Working with MyLittleAdmin - Management Tool for SQL Server 2005
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by Bilal Haidar
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The programmability section acts as a container for the different programming tasks that can be done on the SQL Server 2005. This section includes management screens for creating/editing/deleting Stored Procedures, managing User Defined functions, Assemblies, Rules, Types whether user defined types or system types and other major functionalities

Figure 12

As shown in the figure above, when you click the Programmability node, it lists of all the different functionalities that can be done on the current database selected are shown.


Stored Procedures

The stored procedures section allows you to create new stored procedures, modify current ones, delete a stored procedure, and view the database objects that are dependant on each stored procedure.

Once you click on the Stored Procedures section, a list of all available stored procedures in the currently selected database is shown below

Figure 13

Upon clicking on a stored procedure, a stored procedure specific context menu is shown! You can do many tasks by selecting options from the context-menu shown.

Clicking on the Details link, you get redirected to a new screen

Figure 14

There is a section called Parameters, once you click this folder, a list of all the parameters to that specific stored procedure is shown.

If you notice the header of the screen in Figure 13 above, there are five icons:


View Dependencies



Extended Properties

The modify icon allows you to view the stored procedure TSQL code

Figure 15

As you can see you can edit the TSQL that makes up the stored procedure then either cancel or update your changes.

Clicking on the View Details icon allows you to view the database objects that use the specific stored procedure and the objects that the stored procedure works on

Figure 16

As shown in Figure 15 above, the stored procedure aspnet_Membership_FindUsersByEmail depends on a table listed in the section of objects on which the stored procedure depends upon. However, in this specific stored procedure you can see that no other database object uses this stored procedure.

The last icon we will discuss in this section is the Permissions icon. This icon allows you to manage permissions on the stored procedure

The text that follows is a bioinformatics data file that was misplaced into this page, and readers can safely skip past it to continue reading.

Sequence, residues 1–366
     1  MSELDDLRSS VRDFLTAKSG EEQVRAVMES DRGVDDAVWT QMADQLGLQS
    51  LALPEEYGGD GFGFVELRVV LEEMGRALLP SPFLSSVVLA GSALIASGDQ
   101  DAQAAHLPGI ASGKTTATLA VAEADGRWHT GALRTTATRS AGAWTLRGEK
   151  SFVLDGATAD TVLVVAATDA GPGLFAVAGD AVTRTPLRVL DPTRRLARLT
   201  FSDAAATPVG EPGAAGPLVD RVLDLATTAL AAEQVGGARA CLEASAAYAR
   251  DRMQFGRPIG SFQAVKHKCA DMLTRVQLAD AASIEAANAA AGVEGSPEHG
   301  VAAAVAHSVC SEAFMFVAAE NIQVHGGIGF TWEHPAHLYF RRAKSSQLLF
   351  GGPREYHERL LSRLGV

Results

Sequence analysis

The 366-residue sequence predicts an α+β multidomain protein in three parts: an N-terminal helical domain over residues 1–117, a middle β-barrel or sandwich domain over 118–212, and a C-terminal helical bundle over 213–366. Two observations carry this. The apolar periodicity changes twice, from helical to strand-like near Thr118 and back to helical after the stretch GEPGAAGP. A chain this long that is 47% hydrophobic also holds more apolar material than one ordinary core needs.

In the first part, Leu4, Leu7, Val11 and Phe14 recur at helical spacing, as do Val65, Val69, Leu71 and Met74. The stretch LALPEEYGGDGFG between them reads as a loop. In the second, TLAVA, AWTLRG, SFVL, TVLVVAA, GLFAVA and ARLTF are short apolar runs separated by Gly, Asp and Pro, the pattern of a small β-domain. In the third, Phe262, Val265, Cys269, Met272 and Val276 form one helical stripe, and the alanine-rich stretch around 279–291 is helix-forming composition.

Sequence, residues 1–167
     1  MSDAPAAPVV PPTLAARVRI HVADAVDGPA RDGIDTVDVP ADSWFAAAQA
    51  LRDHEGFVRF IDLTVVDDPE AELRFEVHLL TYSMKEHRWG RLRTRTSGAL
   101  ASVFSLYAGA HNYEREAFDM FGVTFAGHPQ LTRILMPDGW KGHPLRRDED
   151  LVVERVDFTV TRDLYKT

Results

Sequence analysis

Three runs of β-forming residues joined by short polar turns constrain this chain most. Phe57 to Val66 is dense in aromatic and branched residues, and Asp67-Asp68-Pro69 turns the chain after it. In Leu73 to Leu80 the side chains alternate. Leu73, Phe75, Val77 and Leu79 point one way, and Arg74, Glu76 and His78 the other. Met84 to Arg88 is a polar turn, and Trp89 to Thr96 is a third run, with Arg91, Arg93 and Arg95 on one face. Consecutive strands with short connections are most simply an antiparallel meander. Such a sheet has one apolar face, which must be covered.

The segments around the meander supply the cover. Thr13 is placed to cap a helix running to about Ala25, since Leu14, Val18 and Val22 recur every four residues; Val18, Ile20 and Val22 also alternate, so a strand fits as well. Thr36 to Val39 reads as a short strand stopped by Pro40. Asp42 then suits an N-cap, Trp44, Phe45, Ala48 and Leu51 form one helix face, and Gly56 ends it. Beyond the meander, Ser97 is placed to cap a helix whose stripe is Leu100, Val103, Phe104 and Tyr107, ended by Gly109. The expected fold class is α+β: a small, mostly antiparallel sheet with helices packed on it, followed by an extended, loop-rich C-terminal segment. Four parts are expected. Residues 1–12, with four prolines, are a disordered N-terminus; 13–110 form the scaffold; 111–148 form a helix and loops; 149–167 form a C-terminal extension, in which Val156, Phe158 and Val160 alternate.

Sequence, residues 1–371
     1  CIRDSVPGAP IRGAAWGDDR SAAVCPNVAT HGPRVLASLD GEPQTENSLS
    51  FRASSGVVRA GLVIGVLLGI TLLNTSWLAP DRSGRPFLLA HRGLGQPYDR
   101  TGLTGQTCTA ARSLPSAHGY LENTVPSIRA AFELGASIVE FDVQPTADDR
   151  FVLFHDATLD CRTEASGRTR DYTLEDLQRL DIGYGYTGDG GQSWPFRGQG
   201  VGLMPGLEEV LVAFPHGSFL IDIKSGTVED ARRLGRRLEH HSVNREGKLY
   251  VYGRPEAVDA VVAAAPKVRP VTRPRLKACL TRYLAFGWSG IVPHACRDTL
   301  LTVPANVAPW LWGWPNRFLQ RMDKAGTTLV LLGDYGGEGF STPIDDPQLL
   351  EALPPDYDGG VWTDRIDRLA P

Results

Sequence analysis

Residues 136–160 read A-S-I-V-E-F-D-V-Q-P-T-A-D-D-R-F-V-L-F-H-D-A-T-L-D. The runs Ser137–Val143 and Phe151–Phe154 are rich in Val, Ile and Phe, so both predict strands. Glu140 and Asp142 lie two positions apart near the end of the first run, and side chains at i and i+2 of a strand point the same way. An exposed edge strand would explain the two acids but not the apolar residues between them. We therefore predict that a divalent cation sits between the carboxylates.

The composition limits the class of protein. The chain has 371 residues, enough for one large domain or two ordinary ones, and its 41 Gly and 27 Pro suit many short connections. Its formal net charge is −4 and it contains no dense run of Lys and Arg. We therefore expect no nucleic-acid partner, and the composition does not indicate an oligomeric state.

Figure 17

Again as in all the screens available in myLittleAdmin, you can manage the permissions using the script-like window.

Going back to Figure 12 above, the context-menu contains other options like creating/modifying a stored procedure, viewing dependencies, renaming, deleting, and other options that we have already discussed in the above paragraphs.

Modifying or creating a new stored procedure simply open a TSQL editor in which you can write or modify the stored procedure.


Functions’ node is the second node beneath the Programmability node. We will not go through the details of this section since they are exactly the same as the ones described above for stored procedures. One difference in this section is that, clicking on the Functions node displays the functions categorized by their type

Figure 18

Each function type whether the Table-valued functions, that return data in the form of a data or the Scalar-valued functions, that return a single value, act as a container for the functions. However, splitting them this way makes it easier to differentiate those functions and easier to maintain.

Database Triggers

This section allows you to manage all your database defined triggers. If no triggers are present you can simply add a new one using the TSQL window.


SQL Server 2005 acts a host for the .NET CLR. You can create tables, stored procedures, triggers, and many other objects using your favorite programming language through Visual Studio 2005. That has been said, when you create your database objects using a .NET complaint language, as assembly will be generated and this assembly has to be loaded into the SQL Server for the objects to be physically created on your database. For more information on SQL Server CLR Integration, check this article: Introduction to SQL Server CLR Integration.

This section allows you to view all the assemblies that have been loaded to SQL Server.


The types section allows you to manage the system data types, user defined data types, user defined types, and XML Schema Collections

Figure 19

In this section we will create a new user defined data type. Simply click on the User-defined Data Types and the following screen will be shown below

Figure 20

We will create a new data type called iq which is of type int.


Rules are constraints that we can define and apply on the database objects. MyLittleAdmin allows you to create a new rule using the TSQL editor.


The last section of the Programmability is the Default sections. Once again you are allowed to create a new Default using the TSQL editor.

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User Comments

Title: Remote Machine Problem   
Name: Utsab
Date: 2012-01-29 8:17:14 AM
It tells how to configure the tool for own machine or local machine. But in case of remote machine how to access the database with this MyLittleAdmin?
Title: sql server   
Name: kashif masood
Date: 2009-10-23 9:36:44 AM
Excellent work and very descriptive specially with all those screenshots
Title: Working with MyLittleAdmin - Management Tool for SQL Server 2005   
Date: 2007-02-23 11:37:42 AM
Excellent work and very descriptive specially with all those screenshots.

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